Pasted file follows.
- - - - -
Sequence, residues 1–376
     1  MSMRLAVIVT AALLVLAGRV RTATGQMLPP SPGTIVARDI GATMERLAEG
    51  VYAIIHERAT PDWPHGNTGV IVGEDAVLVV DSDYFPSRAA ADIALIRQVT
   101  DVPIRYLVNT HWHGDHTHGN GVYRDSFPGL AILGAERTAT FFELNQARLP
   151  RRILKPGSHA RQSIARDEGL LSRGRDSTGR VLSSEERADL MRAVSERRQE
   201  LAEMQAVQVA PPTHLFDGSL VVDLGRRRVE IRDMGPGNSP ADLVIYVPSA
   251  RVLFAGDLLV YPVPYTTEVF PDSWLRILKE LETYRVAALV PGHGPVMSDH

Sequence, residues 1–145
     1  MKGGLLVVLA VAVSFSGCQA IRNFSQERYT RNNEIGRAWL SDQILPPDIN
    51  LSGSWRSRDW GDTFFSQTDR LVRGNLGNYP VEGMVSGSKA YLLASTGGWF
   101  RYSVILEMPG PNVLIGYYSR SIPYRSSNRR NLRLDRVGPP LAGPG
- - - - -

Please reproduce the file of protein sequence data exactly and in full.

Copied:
Sequence, residues 1–376
     1  MSMRLAVIVT AALLVLAGRV RTATGQMLPP SPGTIVARDI GATMERLAEG
    51  VYAIIHERAT PDWPHGNTGV IVGEDAVLVV DSDYFPSRAA ADIALIRQVT
   101  DVPIRYLVNT HWHGDHTHGN GVYRDSFPGL AILGAERTAT FFELNQARLP
   151  RRILKPGSHA RQSIARDEGL LSRGRDSTGR VLSSEERADL MRAVSERRQE
   201  LAEMQAVQVA PPTHLFDGSL VVDLGRRRVE IRDMGPGNSP ADLVIYVPSA
   251  RVLFAGDLLV YPVPYTTEVF PDSWLRILKE LETYRVAALV PGHGPVMSDH

Sequence, residues 1–145
     1  MKGGLLVVLA VAVSFSGCQA IRNFSQERYT RNNEIGRAWL SDQILPPDIN
    51  LSGSWRSRDW GDTFFSQTDR LVRGNLGNYP VEGMVSGSKA YLLASTGGWF
   101  RYSVILEMPG PNVLIGYYSR SIPYRSSNRR NLRLDRVGPP LAGPG